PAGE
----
Which Joe gave his name to ‘sloppy joes’? We look at five interesting sandwiches and their lexical origins.
An area where cars or other vehicles may be left temporarily.
- ‘As I pulled into the mall parking lot, I noticed a couple of stores looked empty.’
- ‘A long, high desert masonry wall was added in the 1950s to the area west of the shop to screen the parking lot.’
- ‘Pay and display meters are available beside the parking lots.’
- ‘It's easy to misplace your car in the parking lot.’
- ‘The fire broke out at the parking lot of the Changsha Railway Station.’
- ‘Sidewalk retail in Portland and other traditional cities accommodates pedestrians without massive parking lots out front.’
- ‘If you go to the typical suburban garden apartment parking lot during the daytime, the lots will be substantially vacant.’
- ‘I parked my Corolla in the student parking lot and then walked into the building.’
- ‘I pulled out of the deserted motel parking lot, and the second day of our adventure began.’
- ‘Park cars in the correct spaces to keep your job at the parking lot.’
- ‘Reducing the need for driving would also reduce the need for parking lots.’
- ‘I sat in my office looking over some statistics, figures, and forms, staring out the window at the snow-covered parking lot, feeling a little bored.’
- ‘It is now a defunct higher-end grocery store which was boycotted because the company cleared a popular stand of firs at the corner to build the parking lot.’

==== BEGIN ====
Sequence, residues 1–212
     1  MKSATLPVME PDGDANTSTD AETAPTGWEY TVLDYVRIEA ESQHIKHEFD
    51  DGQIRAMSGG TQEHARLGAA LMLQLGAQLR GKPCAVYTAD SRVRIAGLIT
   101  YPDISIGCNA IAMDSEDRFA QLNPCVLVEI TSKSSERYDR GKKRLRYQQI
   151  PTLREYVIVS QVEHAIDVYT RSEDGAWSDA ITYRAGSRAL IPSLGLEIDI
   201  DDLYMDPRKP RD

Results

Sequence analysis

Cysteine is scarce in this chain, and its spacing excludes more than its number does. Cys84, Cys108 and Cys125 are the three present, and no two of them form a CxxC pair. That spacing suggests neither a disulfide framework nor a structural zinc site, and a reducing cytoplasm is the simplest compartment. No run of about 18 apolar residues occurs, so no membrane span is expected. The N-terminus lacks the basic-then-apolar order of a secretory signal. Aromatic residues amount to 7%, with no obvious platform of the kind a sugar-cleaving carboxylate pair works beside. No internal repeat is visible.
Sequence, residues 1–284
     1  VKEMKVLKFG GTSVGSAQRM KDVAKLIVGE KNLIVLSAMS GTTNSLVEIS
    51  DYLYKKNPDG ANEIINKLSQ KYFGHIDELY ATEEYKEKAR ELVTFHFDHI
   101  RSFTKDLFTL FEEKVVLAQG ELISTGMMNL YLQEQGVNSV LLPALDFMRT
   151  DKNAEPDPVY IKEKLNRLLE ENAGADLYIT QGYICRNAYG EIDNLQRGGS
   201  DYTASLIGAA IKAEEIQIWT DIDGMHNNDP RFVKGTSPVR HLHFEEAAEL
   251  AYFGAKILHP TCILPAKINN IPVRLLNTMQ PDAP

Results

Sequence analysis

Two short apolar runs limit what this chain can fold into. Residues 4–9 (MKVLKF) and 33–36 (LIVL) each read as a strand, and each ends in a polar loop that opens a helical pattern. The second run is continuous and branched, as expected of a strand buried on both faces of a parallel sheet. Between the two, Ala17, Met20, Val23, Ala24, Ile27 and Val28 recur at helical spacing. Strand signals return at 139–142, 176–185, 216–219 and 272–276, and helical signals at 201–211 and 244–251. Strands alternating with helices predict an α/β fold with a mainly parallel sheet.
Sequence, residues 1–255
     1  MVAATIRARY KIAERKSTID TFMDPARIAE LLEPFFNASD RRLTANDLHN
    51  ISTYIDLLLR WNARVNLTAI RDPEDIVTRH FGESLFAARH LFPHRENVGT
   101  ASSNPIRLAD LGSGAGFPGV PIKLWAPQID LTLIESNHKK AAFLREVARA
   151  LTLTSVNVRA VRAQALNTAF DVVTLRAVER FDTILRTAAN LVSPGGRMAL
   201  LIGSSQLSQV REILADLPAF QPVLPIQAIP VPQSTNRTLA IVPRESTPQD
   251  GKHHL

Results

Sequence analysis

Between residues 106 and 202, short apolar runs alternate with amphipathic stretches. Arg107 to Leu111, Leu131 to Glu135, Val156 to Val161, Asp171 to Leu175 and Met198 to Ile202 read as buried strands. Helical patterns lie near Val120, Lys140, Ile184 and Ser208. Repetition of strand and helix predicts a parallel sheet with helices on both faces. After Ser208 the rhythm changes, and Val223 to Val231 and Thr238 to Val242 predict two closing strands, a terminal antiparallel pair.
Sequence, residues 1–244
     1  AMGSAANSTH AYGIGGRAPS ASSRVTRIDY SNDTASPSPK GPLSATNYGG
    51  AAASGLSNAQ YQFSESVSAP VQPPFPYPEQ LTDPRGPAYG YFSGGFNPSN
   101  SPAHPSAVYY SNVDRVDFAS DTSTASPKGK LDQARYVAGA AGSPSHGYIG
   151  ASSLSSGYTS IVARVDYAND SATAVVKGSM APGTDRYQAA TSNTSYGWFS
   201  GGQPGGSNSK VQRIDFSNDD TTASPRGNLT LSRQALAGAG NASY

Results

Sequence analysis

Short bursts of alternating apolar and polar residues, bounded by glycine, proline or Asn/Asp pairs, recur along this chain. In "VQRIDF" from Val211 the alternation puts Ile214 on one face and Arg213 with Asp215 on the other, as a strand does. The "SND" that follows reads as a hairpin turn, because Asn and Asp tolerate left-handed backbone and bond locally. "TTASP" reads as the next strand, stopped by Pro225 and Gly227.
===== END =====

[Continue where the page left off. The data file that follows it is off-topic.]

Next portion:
- ‘Originally planned to be set in a park-like environment, the building now sits in a parking lot.’
- ‘You are in the parking lot on the north side of the shopping mall.’
- ‘Today while I was at the post office, I happened to notice this car, this Mercury Topaz, in the parking lot.’
- ‘Mr. Gerald sat in his car in an empty parking lot across the street from the motel.’
- ‘They suggest people should not leave valuable articles in their cars and should choose well-observed parking lots.’
- ‘They arranged for the demolition contractor to reuse the old asphalt and limestone base from the former parking lot.’
- ‘The airport says its parking lots are running near capacity, meaning travelers could have a difficult time finding a spot if they choose to drive.’
We take a look at several popular, though confusing, punctuation marks.
From Afghanistan to Zimbabwe, discover surprising and intriguing language facts from around the globe.
The definitions of ‘buddy’ and ‘bro’ in the OED have recently been revised. We explore their history and increase in popularity.